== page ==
A new centre to develop vaccines and therapeutics has opened in Darlington with the capability to develop and manufacture treatments for incurable or hard-to-treat illnesses
The centre has the capacity to deliver 100 million vaccine doses in the event of a future health emergency. But it will also supply material for clinical trials, working on treatments against infectious and non-infectious diseases – a critical step in getting new, more effective drugs to patients.
The centre is the only open access facility in the UK which can produce lipid nanoparticle-encapsulated messenger and self-amplifying RNA vaccines and therapies. Providing much-needed infrastructure and outstanding expertise, it will promote access to innovative vaccines in both the UK and around the world.
This unique suite of innovation support combines product and process development with scale up and clinical production in both mRNA manufacture and lipid encapsulation at a single site. This will help cement UK leadership in the development and commercialisation of innovative RNA products and processes and attract inward investment and promote resilience and sustainable growth in the UK healthcare ecosystem.
CPI’s RNA centre can:
Having played a key role in the accelerated development of COVID-19 vaccines as part of the UK government’s Vaccine Taskforce, CPI has built the knowledge and networks to support every stage of RNA development and scale-up. We are already working with pioneering partners to drive forward a variety of RNA projects, including a first-of-its-kind saRNA flu vaccine in collaboration with VaxEquity.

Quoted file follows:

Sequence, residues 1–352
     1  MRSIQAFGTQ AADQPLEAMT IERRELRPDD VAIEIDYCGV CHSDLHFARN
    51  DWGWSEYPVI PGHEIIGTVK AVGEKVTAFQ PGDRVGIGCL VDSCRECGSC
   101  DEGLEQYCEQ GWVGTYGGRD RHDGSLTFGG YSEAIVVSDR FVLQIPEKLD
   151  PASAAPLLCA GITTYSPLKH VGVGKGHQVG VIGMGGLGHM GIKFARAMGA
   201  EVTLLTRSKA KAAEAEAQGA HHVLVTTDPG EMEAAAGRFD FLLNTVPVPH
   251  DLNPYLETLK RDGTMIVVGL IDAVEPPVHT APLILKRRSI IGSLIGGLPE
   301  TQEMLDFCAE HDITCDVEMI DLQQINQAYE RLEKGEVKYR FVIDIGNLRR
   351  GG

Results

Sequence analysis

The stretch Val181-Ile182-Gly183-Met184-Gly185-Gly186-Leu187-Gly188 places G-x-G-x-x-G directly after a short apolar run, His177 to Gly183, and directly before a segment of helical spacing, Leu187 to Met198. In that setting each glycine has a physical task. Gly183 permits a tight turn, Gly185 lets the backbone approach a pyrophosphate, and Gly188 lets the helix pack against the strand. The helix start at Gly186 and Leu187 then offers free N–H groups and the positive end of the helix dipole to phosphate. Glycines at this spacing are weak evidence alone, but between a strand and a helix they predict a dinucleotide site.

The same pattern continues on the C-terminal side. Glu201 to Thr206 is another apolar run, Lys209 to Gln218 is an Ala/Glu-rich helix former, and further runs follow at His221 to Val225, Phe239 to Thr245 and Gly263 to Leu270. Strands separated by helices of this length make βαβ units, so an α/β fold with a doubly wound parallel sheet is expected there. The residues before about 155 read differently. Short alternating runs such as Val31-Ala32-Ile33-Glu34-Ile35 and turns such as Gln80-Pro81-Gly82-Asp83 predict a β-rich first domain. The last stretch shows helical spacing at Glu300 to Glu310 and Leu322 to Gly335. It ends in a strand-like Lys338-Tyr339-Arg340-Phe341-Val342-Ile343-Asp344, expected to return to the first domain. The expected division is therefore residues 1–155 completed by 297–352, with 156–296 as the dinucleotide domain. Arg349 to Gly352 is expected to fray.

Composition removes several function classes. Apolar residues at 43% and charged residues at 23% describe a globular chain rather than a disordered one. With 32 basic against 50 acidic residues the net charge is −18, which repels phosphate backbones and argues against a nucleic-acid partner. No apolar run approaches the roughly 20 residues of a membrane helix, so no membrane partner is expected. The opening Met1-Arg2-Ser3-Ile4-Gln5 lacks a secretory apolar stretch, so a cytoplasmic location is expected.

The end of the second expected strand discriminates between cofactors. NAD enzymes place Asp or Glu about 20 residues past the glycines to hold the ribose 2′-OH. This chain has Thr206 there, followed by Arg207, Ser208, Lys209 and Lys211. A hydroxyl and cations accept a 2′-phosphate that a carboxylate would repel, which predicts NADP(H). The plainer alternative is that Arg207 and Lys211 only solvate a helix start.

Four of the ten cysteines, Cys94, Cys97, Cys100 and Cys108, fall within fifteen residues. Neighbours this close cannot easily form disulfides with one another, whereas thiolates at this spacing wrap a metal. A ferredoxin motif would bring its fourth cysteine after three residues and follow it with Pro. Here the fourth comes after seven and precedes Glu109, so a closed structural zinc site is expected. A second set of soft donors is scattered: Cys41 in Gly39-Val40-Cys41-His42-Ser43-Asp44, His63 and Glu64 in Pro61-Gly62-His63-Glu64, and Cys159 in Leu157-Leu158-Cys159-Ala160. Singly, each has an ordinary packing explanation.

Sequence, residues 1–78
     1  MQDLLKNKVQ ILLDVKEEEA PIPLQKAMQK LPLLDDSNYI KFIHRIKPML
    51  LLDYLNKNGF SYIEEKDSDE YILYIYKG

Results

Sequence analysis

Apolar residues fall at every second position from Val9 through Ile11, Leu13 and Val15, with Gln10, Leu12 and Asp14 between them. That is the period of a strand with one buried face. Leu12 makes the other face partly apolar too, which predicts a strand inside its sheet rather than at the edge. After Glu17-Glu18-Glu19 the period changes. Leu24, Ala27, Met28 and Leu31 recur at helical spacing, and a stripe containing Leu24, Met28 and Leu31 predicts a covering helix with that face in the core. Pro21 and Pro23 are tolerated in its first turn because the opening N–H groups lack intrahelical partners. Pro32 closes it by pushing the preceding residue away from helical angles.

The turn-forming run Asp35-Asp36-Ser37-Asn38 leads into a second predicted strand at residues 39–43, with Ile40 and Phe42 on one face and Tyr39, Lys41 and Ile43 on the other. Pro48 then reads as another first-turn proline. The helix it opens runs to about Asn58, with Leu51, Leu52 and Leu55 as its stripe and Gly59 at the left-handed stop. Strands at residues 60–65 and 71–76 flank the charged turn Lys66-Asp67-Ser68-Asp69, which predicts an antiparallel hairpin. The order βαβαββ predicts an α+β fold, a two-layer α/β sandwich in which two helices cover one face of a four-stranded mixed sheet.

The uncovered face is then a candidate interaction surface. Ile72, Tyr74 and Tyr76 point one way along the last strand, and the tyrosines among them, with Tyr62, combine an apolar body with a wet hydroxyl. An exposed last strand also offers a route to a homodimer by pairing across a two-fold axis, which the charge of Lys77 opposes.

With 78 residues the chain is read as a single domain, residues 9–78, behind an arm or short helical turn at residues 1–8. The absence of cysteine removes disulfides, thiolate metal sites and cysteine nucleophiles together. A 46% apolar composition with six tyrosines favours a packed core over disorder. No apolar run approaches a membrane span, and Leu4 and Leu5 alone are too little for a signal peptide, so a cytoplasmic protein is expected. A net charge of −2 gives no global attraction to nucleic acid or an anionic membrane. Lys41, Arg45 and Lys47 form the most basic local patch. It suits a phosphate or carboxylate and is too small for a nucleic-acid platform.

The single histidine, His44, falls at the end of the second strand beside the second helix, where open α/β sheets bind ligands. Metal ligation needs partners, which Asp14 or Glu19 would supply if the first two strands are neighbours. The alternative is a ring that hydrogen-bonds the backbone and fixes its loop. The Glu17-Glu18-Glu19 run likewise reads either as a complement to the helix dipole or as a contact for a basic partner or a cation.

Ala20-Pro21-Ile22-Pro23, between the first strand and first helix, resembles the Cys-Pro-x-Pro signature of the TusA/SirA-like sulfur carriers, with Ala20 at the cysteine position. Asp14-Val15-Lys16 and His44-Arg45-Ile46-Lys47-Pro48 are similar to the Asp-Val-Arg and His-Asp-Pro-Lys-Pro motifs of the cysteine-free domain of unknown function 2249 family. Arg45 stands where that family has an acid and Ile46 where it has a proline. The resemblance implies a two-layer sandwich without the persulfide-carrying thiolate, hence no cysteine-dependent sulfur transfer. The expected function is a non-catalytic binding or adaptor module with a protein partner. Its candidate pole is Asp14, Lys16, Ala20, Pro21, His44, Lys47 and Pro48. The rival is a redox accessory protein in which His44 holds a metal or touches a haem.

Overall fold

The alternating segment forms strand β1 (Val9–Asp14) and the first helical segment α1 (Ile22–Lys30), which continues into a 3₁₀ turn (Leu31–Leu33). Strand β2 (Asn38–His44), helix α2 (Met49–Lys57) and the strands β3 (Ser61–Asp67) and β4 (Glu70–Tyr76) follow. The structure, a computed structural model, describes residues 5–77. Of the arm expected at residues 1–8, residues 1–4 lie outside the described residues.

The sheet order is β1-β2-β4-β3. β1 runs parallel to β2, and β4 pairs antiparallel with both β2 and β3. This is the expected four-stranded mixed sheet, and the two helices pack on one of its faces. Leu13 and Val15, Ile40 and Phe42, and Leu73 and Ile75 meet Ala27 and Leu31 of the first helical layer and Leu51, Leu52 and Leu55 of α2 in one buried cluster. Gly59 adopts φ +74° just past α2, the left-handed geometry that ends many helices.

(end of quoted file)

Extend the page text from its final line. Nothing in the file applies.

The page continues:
Funded by the Department for Science, Innovation and Technology (DSIT), the RNA centre provides pivotal support and expertise in the UK for groundbreaking development, scale-up, and manufacture of new RNA therapies and vaccines. A launch event will be held on Thursday, 21 September at CPI in Darlington. George Freeman MP, Minister of State at the Department for Science, Innovation and Technology, will cut the ribbon.
Frank Millar, CEO at CPI said: “Lipid nanoparticle-encapsulated messenger and self-amplifying RNA vaccines and therapies have huge potential. These new technologies, which were utilised throughout the COVID-19 pandemic are set to light the touchpaper on the race to develop therapeutics and treatments for incurable diseases.
We have learnt the lessons from the Covid-19 pandemic, remembering the crucial role rapid vaccine development
- Minister of State at the Department for Science, Innovation and Technology, George Freeman
Millar continued: "These new techniques for developing treatments could provide the UK, and the world with the ability to save or make life-changing improvements to patient outcomes."
Minister of State at the Department for Science, Innovation and Technology, George Freeman, said: “We have learnt the lessons from the Covid-19 pandemic, remembering the crucial role rapid vaccine development, delivered at scale, had in saving lives and safely restoring our freedoms."
Freeman continued: “That is why we are building on the UK’s life sciences prowess and backing the RNA through £26m (USD $31.3m) of government funding, which will strengthen future pandemic preparedness, boost pioneering work to tackle the most hard-to-treat diseases and grow our economy through innovation.”